Now we need to assume you have made this decision and go on to the next step.
Location Location Location...
It's incredible how many times I have to stress to people looking to enter the industry how important the location is. A good location may be more expensive in rent and rates, etcetera, but it will give you a solid foundation to start business.
I am not biased to any type of area but here are a few examples:
Low income area
If you choose to buy a business in a small council estate with a lower class customer base, you have to accept that your customers do not really want fancy food but would like good food for value for money. It's not all bad though as shops in low-income areas can have a very good profit margin.
Mixed income, high capacity area
This could be situated on a busy city or town centre high street. You will have to pay top rents and rates but it could be a high turnover shop if the food is good and the PR machine is turned up to full to get the most out of your money. Here you could have a menu which represents all income brackets.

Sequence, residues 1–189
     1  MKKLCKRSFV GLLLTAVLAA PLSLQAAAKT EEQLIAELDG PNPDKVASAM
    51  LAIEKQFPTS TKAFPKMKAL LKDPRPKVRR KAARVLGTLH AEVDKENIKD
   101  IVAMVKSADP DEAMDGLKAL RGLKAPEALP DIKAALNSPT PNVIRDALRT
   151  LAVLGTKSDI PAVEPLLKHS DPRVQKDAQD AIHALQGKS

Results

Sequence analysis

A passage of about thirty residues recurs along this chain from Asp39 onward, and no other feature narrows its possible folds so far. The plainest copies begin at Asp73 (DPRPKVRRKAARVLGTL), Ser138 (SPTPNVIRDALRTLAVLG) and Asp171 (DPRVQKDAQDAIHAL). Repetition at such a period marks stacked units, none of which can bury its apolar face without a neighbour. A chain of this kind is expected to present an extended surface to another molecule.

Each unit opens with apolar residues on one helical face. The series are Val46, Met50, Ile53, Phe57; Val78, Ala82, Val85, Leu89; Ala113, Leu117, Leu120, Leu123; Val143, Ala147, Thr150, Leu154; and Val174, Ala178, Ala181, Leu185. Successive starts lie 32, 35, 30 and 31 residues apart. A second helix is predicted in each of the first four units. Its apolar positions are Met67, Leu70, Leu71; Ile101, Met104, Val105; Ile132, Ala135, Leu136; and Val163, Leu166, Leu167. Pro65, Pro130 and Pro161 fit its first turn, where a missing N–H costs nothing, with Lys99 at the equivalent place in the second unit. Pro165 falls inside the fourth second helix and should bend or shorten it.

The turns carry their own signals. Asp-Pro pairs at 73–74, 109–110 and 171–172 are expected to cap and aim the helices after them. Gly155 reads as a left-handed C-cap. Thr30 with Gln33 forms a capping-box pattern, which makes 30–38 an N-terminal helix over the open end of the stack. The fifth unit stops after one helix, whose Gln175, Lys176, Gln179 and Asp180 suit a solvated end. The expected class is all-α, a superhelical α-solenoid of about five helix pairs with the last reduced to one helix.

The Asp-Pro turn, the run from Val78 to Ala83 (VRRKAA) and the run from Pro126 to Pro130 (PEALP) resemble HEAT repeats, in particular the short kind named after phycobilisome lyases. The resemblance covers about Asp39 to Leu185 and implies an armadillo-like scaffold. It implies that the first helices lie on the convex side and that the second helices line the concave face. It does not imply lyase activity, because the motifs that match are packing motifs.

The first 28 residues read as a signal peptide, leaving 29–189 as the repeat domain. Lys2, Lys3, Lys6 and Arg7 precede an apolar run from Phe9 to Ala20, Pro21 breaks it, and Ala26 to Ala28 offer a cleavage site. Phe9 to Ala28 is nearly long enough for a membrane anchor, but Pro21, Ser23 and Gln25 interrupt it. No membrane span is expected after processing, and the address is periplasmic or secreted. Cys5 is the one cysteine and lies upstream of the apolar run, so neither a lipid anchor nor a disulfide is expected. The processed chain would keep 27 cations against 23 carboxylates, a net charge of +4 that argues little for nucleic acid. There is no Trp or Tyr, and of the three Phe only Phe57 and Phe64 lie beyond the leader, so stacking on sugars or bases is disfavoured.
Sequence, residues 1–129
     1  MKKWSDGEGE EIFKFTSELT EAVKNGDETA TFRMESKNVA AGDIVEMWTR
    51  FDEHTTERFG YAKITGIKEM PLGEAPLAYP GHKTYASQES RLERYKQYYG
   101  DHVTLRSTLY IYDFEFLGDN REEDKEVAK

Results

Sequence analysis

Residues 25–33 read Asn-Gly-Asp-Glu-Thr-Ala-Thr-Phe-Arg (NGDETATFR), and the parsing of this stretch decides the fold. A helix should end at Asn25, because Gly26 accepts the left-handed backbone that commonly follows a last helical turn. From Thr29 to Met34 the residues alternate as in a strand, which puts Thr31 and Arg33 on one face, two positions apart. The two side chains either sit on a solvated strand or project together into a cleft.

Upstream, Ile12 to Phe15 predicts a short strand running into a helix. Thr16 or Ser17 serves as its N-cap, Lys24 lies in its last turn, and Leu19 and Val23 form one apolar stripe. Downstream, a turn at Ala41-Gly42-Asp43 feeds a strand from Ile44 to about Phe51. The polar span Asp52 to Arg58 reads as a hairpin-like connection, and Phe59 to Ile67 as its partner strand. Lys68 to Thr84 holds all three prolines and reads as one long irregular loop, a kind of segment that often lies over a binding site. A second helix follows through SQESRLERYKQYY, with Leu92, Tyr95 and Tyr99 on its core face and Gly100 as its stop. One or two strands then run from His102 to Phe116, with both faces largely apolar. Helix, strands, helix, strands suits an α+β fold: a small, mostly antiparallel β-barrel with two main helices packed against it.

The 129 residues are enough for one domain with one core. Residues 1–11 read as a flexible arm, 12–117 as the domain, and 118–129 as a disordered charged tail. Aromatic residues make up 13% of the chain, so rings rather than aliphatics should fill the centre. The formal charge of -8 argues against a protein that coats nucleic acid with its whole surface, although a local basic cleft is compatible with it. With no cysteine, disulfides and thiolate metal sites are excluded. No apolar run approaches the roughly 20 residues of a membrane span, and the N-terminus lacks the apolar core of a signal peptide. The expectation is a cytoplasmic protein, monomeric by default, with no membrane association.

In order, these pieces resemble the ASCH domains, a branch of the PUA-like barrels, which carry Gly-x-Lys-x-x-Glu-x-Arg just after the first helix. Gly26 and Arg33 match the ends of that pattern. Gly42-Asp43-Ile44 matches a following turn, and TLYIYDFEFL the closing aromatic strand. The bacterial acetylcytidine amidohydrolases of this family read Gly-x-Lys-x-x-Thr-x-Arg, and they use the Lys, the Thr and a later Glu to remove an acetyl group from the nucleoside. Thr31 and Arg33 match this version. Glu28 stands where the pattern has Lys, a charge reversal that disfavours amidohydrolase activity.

High income area
Most people probably aspire to have the freeholds of these types of shops, but not necessarily to manage them, so they will sell the leases. In affluent areas people tend to appreciate high quality food and have the budget to pay for it.
I find the biggest downside with high income areas for the fish and chip shop is that people can afford to eat out more often at proper restaurants and are more likely to cook at home.
The above are just a few options of many to complement the tenure options outlined in my last post. I'm not trying to confuse you, but to help you imagine the type of shop you would like to have.
I have seen many times where people have a grand idea of creating a nice, top quality shop where everything is homemade, all fish is sustainable and potatoes are organic, but then it is plonked on the local curry mile where you can get a kebab or other fast-food type for under £2.
It is very important you find the right location to fit the type of establishment or brand you have envisaged. You have to remain realistic and never believe your own hype; try and separate your romanticised vision from a sound business decision.
One overlooked consideration is whether you are in this for the long term: as i mentioned in my last post, this should play a major role in your decisions. The main thing is to get it all right first time, spend some extra money testing and getting the proper procedures set up.
I will go into more detail at a later date but at this point anyone wanting to open a fish and chip shop can visit the National Federation of Fish Friers website. They can help you with training, which you would be foolish to buy a fish and chip shop without.